In “The Vindication for the rights of woman”, Wollstonecraft states:

It is vain to expect virtue from women till they are in some degree independent of men; nay, it is vain to expect that strength of natural affection which would make them good wives and mothers. Whilst they are absolutely dependent on their husbands they will be cunning, mean, and selfish. The preposterous distinction of rank, which render civilization a curse, by dividing the world between voluptuous tyrants and cunning envious dependents, corrupt, almost equally, every class of people.

In “Christabel”, Coleridge depicts these dependent qualities of Christabel at the beginning of the poem as righteous and good. The minute she leaves the protection of the castle and of societies constraints, Christabel’s dependency shifts from the male to the female. The world in which the man seems to be naturally in control is almost corrupted by the appearance of the threatening woman, Geraldine. Christabel is a personification of an ideal woman in this society, encompassing traits such as innocence, purity, chastity and beauty. She seems to be obedient and dependent on her father for protection. Geraldine is an outsider to the natural order of things who, because of her outcast status, does not follow the laws and ways of that society; this gives her a certain power that Christabel does not understand.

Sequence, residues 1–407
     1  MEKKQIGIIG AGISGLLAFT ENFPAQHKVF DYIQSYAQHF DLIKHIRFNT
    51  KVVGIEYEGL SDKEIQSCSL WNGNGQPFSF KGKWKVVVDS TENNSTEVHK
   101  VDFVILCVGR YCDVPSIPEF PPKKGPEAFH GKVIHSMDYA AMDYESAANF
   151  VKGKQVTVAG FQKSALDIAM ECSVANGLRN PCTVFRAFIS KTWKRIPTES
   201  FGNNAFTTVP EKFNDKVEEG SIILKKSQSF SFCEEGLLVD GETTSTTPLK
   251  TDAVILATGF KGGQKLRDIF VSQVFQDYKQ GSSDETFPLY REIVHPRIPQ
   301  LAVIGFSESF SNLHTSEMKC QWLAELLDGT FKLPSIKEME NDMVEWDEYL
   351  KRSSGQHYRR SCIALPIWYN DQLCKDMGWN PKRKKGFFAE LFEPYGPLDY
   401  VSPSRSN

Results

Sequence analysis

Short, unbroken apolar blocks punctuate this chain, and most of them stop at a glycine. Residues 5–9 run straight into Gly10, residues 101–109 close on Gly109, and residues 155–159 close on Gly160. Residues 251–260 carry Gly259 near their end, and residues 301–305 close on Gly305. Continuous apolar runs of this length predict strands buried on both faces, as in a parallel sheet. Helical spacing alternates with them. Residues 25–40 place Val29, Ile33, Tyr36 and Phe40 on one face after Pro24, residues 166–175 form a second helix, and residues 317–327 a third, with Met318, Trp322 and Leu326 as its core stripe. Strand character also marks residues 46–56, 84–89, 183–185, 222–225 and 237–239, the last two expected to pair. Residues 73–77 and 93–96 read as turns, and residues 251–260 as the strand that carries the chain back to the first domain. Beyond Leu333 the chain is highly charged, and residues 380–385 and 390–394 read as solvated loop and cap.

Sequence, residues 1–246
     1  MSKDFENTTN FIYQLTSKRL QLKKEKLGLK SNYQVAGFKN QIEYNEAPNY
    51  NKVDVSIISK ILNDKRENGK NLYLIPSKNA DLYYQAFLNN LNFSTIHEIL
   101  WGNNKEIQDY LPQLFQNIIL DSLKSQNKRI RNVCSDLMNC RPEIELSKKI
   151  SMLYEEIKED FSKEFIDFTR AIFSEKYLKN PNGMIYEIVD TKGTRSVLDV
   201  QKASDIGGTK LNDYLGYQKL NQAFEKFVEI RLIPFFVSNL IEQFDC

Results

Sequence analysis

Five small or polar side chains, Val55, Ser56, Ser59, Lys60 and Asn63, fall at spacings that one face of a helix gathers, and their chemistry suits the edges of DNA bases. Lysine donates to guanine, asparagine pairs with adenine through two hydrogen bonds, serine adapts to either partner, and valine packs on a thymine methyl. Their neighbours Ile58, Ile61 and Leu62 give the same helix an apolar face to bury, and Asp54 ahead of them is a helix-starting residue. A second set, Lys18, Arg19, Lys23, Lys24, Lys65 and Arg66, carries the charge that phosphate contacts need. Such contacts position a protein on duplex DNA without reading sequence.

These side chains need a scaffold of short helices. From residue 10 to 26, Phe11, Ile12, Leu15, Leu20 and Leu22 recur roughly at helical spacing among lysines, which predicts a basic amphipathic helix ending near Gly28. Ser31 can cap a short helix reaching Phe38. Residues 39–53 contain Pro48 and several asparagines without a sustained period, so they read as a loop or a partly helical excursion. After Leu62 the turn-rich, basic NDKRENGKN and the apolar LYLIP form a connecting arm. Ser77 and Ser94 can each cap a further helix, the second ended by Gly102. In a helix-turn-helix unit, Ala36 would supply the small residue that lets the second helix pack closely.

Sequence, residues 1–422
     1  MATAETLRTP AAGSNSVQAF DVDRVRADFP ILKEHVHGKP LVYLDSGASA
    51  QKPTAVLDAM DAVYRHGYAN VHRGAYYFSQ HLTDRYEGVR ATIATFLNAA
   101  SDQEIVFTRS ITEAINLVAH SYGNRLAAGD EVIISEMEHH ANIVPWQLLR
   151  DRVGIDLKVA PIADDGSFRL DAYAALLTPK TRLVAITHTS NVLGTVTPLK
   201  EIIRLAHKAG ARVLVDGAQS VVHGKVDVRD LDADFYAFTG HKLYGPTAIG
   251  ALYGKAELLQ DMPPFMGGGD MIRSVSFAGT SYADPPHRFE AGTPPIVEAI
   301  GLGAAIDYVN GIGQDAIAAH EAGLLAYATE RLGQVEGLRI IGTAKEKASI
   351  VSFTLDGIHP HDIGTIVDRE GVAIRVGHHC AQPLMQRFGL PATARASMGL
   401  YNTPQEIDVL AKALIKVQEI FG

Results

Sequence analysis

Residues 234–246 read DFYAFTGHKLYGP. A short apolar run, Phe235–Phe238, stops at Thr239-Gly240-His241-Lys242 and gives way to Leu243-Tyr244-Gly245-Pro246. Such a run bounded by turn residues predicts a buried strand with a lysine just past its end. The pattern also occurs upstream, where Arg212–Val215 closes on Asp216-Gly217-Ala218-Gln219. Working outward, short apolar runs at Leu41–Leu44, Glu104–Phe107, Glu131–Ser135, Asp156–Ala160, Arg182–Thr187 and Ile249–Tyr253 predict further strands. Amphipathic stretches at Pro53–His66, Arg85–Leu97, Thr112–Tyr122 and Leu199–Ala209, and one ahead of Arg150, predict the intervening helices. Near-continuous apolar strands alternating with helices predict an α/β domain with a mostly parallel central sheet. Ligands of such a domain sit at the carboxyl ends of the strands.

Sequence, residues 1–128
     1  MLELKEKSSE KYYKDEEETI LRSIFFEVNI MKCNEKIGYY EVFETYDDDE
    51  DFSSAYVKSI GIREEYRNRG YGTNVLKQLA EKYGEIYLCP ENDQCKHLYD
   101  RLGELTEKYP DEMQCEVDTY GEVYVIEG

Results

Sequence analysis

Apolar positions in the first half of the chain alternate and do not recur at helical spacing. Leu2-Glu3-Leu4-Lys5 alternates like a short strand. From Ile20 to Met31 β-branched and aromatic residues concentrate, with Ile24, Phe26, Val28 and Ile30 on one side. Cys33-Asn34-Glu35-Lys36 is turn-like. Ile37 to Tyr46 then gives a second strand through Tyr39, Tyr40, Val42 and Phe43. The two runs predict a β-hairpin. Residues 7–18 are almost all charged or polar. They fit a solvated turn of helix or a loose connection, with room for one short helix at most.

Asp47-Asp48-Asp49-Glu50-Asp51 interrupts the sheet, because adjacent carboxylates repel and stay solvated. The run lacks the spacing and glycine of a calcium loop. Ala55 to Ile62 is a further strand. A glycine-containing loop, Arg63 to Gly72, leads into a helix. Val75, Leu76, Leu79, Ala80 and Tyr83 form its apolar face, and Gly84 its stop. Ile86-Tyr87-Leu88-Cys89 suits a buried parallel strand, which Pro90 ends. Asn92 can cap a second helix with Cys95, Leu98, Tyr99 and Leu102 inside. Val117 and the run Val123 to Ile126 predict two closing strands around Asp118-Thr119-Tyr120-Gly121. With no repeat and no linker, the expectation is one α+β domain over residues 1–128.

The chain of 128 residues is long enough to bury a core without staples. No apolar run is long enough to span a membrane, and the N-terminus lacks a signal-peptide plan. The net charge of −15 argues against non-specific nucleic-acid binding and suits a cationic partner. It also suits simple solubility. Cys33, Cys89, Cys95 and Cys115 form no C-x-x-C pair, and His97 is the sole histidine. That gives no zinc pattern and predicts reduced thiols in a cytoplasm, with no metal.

The presence of a woman who does not follow the rules of society is a threat to the control of other women. Wollstonecraft herself was a threat to her male-dominated society, requesting that women be freed from their dependence on men. In “Christabel”, this powerful threat is made evil and untamable, spreading from one woman to the other, just as Wollstonecraft hoped her fervor and quest for equality would spread to other women. Christabel brings forth the notion that when men do not keep a close watch on their women, they create a risk of losing their power.